True unity also is not conformity. Many groups of believers pressure their members, either subtly or openly, to conform to a certain set of practices and rules. These may involve dress codes, a set of activities, an arrangement of authority figures, or even a peculiar, distinctive manner of speaking, social interaction, or even preaching.

Yet this too is not real unity. The natural man can be taught and conditioned to conform to many different standards. The army is a good example of this. There, everyone dresses, speaks, and acts the same. In some Christian groups, these things are also in evidence. But this does nothing to enhance our spiritual growth or change us into the image of Christ. Neither does it constitute true unity. The unity for which God is looking is that we all are changed to be like the same Person, Jesus Christ.


In John chapter 17 is recorded a special prayer. Here Jesus is interceding for those who had received and would receive Him. Part of His prayer is that those whom the Father has given Him would be one (Jn 17:20,21).

As a younger Christian I believed and taught that Jesus was pleading with His Father that all believers would get along. I imagined that He was asking for His church to be without sect or division. I supposed that Jesus was petitioning for the kind of “horizontal” unity which would produce a visible expression of the one body which God indeed does see.

However, after some years of walking with the Lord, I find that my understanding of Jesus’ prayer has changed. If indeed Jesus was asking for a worldwide unity of all believers, then until today, the Father has not heard Him. If all believers getting along with each other and meeting together was His request, then for almost 2,000 years, Jesus’ prayer has gone unanswered.

Perhaps some imagine that at last, now at the end of the age, suddenly something is going to happen to cause this great get-together of believers to occur. But the fact is that the situation will probably only get worse as the end approaches. At the end of this age, Christians will even begin to hate one another to the extent that they will turn each other in to the authorities to be killed (Mt 24:10). In this age, Christ’s prayer will never be answered by an outward show of unity.

So how then are we to understand Jesus’ prayer? What was it for which He was asking the Father? To begin we must see that Jesus is one with His Father. He said: “I and My Father are one” (Jn 10:30). The Son has always had (except for a brief moment on the cross) and still has the most intimate communion with the Father. They are in constant fellowship. The union which they have is so complete and intimate that men’s minds become exhausted and their words fail when trying to describe it. The union and communion which Jesus and His Father have are beyond human comprehension.

Theirs is a complete, intimate, and eternal unity. So absolute is this intimacy that Jesus insists that He who has seen Him has actually seen the Father (Jn 14:9). This unity is so thorough that when Jesus was on the earth, His words and works were simply an expression of His Father (Jn 14:10). Incredibly, Jesus was not even motivated by His human life which He received from Mary but was always living by the life of the Father (Jn 6:57). Jesus and the Father have complete unity of Spirit, heart, and mind. All of their thoughts and feelings and actions are in harmony. There is no independence of mind, emotions, or deeds in this relationship.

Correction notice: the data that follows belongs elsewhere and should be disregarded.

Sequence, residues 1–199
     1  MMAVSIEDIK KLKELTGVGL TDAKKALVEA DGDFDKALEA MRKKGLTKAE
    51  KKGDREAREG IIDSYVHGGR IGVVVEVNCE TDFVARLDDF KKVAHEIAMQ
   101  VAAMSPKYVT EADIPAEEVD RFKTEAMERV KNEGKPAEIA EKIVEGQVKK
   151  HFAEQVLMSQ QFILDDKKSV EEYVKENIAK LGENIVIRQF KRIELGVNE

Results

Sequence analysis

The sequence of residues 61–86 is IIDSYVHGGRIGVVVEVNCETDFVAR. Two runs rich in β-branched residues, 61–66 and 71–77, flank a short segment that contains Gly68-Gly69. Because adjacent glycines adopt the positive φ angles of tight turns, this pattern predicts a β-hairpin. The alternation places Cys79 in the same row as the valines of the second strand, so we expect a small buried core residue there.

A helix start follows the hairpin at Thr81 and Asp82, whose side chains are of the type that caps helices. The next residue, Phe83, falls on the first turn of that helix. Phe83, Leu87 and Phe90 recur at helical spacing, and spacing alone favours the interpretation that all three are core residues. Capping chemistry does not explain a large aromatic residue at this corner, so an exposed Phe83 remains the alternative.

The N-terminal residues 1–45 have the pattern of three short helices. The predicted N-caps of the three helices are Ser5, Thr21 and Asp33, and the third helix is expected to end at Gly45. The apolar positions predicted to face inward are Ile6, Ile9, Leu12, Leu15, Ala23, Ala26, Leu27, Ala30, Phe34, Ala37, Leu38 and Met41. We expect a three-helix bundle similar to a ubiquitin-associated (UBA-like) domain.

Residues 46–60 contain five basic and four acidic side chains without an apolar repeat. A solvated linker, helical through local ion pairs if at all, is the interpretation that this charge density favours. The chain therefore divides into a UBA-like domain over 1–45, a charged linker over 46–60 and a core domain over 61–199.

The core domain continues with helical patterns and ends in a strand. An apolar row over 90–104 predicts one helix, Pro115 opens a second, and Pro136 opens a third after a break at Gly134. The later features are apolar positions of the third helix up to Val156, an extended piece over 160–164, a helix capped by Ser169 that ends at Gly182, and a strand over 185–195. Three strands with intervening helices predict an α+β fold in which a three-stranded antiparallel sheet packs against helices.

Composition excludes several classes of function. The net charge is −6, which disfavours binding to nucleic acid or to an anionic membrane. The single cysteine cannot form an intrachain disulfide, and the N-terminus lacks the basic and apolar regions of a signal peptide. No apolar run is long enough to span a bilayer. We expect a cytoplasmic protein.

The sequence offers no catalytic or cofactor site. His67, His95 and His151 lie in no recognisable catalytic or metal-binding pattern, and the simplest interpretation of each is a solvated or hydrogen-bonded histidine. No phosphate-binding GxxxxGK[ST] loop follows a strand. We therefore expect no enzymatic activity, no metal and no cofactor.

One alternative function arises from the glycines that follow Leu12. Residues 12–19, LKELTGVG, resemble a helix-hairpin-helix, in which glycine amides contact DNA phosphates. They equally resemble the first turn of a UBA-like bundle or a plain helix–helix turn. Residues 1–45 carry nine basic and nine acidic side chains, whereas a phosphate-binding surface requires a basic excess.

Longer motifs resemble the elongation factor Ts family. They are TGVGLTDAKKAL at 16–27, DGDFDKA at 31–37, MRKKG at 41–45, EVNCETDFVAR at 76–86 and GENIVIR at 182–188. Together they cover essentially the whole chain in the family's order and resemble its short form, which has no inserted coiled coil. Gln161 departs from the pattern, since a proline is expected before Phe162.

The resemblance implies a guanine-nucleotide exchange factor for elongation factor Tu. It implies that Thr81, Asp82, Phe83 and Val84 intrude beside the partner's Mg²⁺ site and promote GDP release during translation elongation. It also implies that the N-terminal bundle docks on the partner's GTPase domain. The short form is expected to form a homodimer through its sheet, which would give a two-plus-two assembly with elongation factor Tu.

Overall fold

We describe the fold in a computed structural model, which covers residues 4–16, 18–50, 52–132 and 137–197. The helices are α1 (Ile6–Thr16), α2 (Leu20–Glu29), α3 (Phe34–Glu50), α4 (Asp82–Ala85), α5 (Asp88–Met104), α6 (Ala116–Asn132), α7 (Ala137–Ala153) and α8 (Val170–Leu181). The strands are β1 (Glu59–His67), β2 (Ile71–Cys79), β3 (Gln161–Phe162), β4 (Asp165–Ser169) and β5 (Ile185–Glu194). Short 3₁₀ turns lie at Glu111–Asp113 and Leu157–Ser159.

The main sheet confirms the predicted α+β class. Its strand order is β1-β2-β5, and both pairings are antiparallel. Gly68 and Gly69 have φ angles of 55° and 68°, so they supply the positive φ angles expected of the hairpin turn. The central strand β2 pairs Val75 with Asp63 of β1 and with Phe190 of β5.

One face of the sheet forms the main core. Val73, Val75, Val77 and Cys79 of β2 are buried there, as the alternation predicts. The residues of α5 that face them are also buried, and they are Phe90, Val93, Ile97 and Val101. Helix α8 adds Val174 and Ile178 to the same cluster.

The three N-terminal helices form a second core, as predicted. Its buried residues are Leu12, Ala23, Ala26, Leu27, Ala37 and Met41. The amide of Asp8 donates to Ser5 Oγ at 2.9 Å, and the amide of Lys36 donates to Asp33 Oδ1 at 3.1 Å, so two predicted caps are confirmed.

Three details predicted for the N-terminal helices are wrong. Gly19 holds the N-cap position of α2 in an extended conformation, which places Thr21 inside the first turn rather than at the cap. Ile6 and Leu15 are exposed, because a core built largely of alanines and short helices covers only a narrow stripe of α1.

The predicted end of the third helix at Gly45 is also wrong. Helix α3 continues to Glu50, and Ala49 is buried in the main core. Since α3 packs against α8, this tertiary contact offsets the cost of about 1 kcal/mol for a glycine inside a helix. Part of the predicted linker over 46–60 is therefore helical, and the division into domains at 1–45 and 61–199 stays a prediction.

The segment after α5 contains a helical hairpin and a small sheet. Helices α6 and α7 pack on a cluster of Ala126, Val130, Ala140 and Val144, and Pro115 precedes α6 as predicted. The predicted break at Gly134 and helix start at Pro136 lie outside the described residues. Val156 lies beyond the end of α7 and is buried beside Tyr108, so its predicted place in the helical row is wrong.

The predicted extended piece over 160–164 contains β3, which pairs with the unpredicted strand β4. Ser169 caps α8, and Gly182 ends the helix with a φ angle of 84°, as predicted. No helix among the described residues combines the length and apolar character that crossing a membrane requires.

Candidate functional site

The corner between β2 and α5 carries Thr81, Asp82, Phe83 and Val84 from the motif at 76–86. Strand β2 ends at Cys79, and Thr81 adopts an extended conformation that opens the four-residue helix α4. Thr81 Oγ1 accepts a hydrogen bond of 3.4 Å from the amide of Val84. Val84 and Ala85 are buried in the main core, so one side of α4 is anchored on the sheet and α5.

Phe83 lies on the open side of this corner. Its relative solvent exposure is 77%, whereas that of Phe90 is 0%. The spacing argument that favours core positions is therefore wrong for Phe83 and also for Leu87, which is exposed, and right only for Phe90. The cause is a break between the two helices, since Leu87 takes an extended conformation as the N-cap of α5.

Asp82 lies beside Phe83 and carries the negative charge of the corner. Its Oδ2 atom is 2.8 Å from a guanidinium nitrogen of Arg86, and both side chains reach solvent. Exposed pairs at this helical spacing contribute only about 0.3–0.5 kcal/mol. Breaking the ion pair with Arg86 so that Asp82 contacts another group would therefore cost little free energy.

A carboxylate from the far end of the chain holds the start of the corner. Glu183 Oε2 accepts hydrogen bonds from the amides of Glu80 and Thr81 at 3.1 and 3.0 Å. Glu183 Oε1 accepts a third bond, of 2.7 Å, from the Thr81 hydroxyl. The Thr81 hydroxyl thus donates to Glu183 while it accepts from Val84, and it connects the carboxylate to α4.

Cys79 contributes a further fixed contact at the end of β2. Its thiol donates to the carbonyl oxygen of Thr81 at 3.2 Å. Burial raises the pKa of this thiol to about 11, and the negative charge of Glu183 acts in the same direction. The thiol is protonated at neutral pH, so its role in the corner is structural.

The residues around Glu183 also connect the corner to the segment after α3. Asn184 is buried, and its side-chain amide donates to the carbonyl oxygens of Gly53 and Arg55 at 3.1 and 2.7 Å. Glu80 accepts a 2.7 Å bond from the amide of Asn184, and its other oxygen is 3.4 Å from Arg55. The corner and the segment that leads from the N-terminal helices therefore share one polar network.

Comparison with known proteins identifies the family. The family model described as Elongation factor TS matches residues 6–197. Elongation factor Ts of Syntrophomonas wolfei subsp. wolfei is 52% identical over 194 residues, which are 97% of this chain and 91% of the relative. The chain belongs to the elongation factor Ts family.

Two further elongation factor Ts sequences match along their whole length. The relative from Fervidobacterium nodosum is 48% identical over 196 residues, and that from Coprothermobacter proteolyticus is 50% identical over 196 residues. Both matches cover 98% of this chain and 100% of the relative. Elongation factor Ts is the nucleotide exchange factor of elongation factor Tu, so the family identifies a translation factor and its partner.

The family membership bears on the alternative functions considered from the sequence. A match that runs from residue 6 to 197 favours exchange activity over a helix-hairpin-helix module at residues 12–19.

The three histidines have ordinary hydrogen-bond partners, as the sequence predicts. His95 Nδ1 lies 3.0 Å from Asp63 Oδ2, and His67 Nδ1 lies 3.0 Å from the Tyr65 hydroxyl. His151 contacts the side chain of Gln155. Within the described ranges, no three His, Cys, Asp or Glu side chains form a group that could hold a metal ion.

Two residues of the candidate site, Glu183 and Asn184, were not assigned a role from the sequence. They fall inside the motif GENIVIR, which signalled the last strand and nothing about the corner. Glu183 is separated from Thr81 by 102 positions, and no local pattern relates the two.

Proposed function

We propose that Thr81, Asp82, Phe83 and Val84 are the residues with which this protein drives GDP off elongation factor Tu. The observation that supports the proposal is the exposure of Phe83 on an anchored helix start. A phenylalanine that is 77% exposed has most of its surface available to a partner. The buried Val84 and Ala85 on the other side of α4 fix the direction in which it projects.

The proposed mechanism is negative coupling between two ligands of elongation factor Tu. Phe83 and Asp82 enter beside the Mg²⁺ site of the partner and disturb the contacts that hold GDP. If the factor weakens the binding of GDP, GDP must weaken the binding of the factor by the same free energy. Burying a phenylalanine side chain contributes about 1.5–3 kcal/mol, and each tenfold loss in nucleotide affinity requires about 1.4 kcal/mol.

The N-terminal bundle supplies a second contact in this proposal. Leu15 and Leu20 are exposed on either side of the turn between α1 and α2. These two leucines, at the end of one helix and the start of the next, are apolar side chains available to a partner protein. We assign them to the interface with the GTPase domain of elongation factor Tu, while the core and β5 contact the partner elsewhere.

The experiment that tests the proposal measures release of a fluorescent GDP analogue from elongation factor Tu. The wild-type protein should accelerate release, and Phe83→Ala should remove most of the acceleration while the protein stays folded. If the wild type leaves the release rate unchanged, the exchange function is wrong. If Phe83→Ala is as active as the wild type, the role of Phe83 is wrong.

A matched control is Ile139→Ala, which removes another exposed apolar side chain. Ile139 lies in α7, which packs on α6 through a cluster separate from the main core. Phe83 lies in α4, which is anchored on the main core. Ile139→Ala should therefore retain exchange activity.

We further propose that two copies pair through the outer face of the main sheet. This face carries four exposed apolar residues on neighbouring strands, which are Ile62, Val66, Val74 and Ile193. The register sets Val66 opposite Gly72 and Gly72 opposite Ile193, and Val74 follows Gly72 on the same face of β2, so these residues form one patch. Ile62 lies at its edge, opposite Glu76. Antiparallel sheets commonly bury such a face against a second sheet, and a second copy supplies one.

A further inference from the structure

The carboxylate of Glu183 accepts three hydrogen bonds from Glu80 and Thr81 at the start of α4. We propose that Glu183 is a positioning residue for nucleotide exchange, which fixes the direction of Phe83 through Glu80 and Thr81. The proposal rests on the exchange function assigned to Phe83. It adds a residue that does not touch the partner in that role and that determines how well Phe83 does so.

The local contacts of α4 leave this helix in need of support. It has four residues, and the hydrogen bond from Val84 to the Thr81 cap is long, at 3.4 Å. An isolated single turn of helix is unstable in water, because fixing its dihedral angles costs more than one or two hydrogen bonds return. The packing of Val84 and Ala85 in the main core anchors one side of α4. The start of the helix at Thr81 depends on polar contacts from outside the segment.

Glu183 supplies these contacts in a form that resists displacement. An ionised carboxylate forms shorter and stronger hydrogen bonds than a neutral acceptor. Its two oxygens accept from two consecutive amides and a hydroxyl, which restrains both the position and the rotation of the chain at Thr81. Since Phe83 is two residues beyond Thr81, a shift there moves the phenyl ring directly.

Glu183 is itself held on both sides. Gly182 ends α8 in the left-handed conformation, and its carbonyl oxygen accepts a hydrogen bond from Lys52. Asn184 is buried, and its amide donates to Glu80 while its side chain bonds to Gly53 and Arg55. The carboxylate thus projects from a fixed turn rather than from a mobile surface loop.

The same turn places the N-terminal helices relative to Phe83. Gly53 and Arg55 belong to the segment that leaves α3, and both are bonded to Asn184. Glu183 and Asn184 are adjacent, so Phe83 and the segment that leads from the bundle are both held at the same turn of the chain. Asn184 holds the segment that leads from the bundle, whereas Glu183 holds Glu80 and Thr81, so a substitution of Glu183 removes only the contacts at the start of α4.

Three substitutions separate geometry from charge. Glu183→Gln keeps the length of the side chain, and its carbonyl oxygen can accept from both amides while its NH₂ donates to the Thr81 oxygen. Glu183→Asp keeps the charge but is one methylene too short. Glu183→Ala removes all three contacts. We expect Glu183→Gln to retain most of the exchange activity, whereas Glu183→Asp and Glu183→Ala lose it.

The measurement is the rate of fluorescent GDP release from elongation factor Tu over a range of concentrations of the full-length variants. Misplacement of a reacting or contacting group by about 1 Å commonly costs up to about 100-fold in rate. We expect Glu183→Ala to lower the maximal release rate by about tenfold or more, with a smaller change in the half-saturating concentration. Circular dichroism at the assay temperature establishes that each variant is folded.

This is a relationship of eternal love. The Father loves the Son and has given Him everything (Jn 3:35; 10:17). All that the Father is and all that He has belong to the Son (Jn 13:3).

This intimacy between Father and Son is so extreme that we are taught that Jesus is the expression of, or the “image” of, the Father (Col 1:15). So exact is the manifestation of the Father through the Son that we are taught He is the “express image of His [the Father’s] person” (Heb 1:3). The scriptures even go so far as to teach that the Son is a full and complete expression of all that the Father is. We read: “For in Him dwells all the fullness of the Godhead bodily” (Col 2:9). And also: “For it pleased the Father that in Him all the fullness should dwell” (Col 1:19).

This little meditation is an attempt to help the reader understand for what Jesus was praying. He was not praying for us to get along with each other, as important as this might be. He was not asking the Father for all Christians to meet together under one banner or under one roof. He was interceding for something much superior. His prayer to the Father was a petition for something which is so great as to be almost unimaginable. Jesus was asking that we would be brought into this same intimate union and communion which He has with His Father.

That’s right. Jesus’ desire is that His followers could be brought by God to participate in this holy union and communion. He was asking that we too might enjoy the intimacy which He has with His Father. His petition was that this holy oneness which He and the Father have would be expanded to include His disciples also.

With this sublime thought in mind let us read together: “I do not pray for these alone, but also for those who will believe in Me through their word; that they all may be one, as You, Father, are in Me, and I in You; that they also may be one in Us” (Jn 17:20,21). This verse is not speaking about believers trying to get along with one another but of something much higher and holier. This is not a “horizontal” unity but a “vertical” one.